This Fireworks Drone Is Awesome”“and Illegal

An amazing video of eye-level fireworks violates several regulations.

National Journal
Alex Brown
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Alex Brown
July 7, 2014, 1:49 p.m.

The coolest video of this Fourth of Ju­ly week­end also hap­pens to be il­leg­al, thanks to fed­er­al reg­u­la­tions that lim­it the use of small air­craft.

Jos Stiglingh’s drone-shot video of a fire­works show cap­tured mil­lions of views as awed watch­ers took in the up-close-and-per­son­al look of the col­or­ful ex­plo­sions. Sparks and smoke whizzed by the cam­era, at­tached to a small, four-ro­tor drone.

But this post-va­ca­tion Monday’s back-to-real­ity mo­ment in­cludes a re­mind­er that drone pi­lots face strict lim­its on how they op­er­ate their air­craft.

While it’s un­clear how high Stiglingh’s drone flew, the FAA lim­its the air­craft to be­low 400 feet.

Joe Rozzi, vice pres­id­ent of Ohio-based Rozzi Fire­works, said he had seen the video and es­tim­ated a show of that nature has shells ex­plod­ing about 500 feet in the air (at times, the drone ap­peared to be above the level of those ex­plo­sions). “I’m sur­prised the drone didn’t get taken out of the sky,” he said. “I thought it was neat.”

However, Con­gress has carved out some ex­emp­tions to the FAA’s abil­ity to reg­u­late “mod­el air­craft” weigh­ing less than 55 pounds. This only ap­plies to re­cre­ation­al flights, and it’s un­clear if Stiglingh’s flight meets this cri­ter­ia. But the 400-foot ceil­ing isn’t the only reg­u­la­tion pi­lots have to worry about.

When Con­gress gave great­er lee­way to mod­el air­planes, it also dir­ec­ted they had to be flown in the line of sight of their op­er­at­or. It’s im­plaus­ible that Stiglingh’s na­ked eye could keep watch on his drone, hun­dreds of feet in the air, at night, in the midst of near-con­stant ex­plo­sions.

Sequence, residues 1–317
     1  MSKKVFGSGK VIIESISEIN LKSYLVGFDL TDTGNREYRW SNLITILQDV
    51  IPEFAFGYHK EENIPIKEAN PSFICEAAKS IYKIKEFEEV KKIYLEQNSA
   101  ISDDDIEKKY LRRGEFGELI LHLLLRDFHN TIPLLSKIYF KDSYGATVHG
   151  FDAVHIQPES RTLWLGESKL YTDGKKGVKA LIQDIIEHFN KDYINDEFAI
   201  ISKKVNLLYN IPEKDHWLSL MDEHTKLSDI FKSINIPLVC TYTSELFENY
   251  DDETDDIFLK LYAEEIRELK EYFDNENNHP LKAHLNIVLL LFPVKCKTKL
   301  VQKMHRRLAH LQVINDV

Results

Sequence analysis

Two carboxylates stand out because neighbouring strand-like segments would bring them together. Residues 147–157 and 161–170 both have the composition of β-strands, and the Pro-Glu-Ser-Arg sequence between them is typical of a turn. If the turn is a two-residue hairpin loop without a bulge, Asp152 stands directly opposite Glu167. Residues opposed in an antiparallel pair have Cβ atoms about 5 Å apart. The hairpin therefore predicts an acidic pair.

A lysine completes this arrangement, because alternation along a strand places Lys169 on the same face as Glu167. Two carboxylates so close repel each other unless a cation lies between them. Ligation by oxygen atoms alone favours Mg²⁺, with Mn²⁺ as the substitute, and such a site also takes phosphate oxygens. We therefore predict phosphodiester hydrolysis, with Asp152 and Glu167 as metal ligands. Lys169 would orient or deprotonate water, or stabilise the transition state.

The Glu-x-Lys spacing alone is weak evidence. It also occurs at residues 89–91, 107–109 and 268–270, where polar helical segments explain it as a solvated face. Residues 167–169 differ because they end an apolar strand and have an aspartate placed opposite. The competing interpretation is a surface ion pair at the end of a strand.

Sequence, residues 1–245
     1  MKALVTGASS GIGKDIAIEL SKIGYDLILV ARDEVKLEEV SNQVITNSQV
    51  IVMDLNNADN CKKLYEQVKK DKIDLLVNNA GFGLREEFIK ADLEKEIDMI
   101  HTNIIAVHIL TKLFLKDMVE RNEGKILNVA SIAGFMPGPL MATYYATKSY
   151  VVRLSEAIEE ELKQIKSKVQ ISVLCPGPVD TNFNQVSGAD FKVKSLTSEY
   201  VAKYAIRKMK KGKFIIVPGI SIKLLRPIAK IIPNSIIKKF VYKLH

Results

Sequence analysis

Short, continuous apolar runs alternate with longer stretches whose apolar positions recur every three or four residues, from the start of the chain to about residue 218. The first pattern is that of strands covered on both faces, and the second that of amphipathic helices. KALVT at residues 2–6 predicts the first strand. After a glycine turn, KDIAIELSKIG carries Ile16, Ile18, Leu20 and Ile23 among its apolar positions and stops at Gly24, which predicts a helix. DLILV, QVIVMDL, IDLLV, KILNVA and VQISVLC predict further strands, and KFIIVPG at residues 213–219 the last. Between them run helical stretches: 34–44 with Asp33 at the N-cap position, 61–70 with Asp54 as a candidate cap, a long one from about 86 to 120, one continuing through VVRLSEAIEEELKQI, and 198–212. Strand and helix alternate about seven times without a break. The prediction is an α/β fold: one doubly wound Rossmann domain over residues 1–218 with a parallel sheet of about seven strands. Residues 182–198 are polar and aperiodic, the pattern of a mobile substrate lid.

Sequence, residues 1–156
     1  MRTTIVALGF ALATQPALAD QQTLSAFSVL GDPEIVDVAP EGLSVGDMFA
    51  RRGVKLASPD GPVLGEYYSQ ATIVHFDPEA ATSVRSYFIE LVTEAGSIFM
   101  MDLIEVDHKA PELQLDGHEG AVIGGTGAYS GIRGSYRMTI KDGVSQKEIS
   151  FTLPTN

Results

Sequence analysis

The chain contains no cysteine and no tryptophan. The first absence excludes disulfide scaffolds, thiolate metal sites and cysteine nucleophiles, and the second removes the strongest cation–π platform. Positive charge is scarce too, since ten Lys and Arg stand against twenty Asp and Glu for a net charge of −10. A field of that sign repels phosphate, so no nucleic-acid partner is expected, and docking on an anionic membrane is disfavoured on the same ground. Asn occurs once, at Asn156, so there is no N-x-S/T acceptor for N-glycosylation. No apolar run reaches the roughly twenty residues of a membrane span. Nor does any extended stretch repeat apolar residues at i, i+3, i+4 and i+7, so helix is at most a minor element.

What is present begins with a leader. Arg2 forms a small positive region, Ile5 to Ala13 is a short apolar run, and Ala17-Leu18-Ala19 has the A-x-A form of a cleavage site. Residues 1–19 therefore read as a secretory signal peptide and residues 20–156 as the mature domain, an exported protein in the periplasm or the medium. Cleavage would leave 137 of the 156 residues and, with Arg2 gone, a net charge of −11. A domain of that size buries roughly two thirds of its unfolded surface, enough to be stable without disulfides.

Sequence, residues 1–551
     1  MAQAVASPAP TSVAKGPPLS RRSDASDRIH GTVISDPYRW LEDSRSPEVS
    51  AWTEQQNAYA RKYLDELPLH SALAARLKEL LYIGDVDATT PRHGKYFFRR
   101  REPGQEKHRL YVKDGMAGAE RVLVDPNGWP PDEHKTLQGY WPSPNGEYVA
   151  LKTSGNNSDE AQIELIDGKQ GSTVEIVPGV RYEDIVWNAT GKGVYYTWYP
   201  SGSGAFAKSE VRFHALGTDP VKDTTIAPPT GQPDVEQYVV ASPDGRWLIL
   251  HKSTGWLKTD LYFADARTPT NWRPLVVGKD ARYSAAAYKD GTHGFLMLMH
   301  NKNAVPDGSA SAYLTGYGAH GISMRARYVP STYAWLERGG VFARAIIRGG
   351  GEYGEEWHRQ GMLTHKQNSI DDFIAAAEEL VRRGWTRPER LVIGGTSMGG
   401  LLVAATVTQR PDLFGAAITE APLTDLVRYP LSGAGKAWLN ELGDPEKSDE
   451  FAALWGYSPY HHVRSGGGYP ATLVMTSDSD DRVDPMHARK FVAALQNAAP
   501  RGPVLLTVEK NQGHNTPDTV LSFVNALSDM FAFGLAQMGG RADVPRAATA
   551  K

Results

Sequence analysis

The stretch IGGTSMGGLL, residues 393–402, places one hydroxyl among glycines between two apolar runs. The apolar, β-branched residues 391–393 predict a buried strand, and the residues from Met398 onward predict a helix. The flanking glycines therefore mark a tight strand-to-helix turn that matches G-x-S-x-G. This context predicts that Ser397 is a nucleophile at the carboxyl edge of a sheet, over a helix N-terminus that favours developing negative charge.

Mod­el air­craft pi­lots must also alert air traffic con­trol­lers when they fly with­in five miles of air­ports. It ap­pears the fire­works show was well with­in that range of Palm Beach In­ter­na­tion­al Air­port. Stiglingh hasn’t spe­cified if he ob­tained clear­ance.

In ad­di­tion, the agency says drones should be flown away from pop­u­lated areas. A fire­works show, along with the in­ev­it­able crowds it draws, is un­likely to meet that de­scrip­tion.

The FAA’s rules also pro­hib­it “care­less or reck­less” fly­ing of air­craft; it’s prob­ably not a stretch to say zoom­ing through ex­plod­ing shells could fall un­der that cat­egory. If a rock­et were to strike the drone and veer off course, it could pose haz­ards to people nearby.

Along with the FAA rules, the Coast Guard had also es­tab­lished guidelines for the West Palm Beach, Fla., show, ban­ning any “vehicle, ves­sel, or ob­ject” in des­ig­nated safety zones near the fire­works.

Stiglingh would also face trouble if he tried to use his drone foot­age for profit. Com­mer­cial drones are cur­rently banned by the FAA.

The video — and the FAA’s re­sponse — il­lus­trate a grow­ing prob­lem for the agency. While drone tech­no­logy be­comes more and more ac­cess­ible, most am­a­teur pi­lots don’t have a full aware­ness of the agency’s policies. As such, the agency has been hes­it­ant to pun­ish users who vi­ol­ate its rules (in the com­mer­cial sphere, it’s only tried to pro­sec­ute one vi­ol­at­or so far, while many more have got­ten away with warn­ings — and free pub­li­city).

As a res­ult, the FAA is stuck play­ing reg­u­lat­ory Whac-A-Mole, wait­ing for vi­ol­at­ors to post videos of their ex­ploits and then swoop­ing in to tell them not to do it again. It would be im­possible to mon­it­or or pre­dict every drone activ­ity, and the FAA lacks the re­sources to po­lice all likely drone hot­spots.

For now, the FAA’s best course of ac­tion seems to be to bet­ter edu­cate the pub­lic on its rules — and hope grow­ing aware­ness keeps fli­ers out of trouble spots. The agency did not re­spond to re­quests for com­ment.

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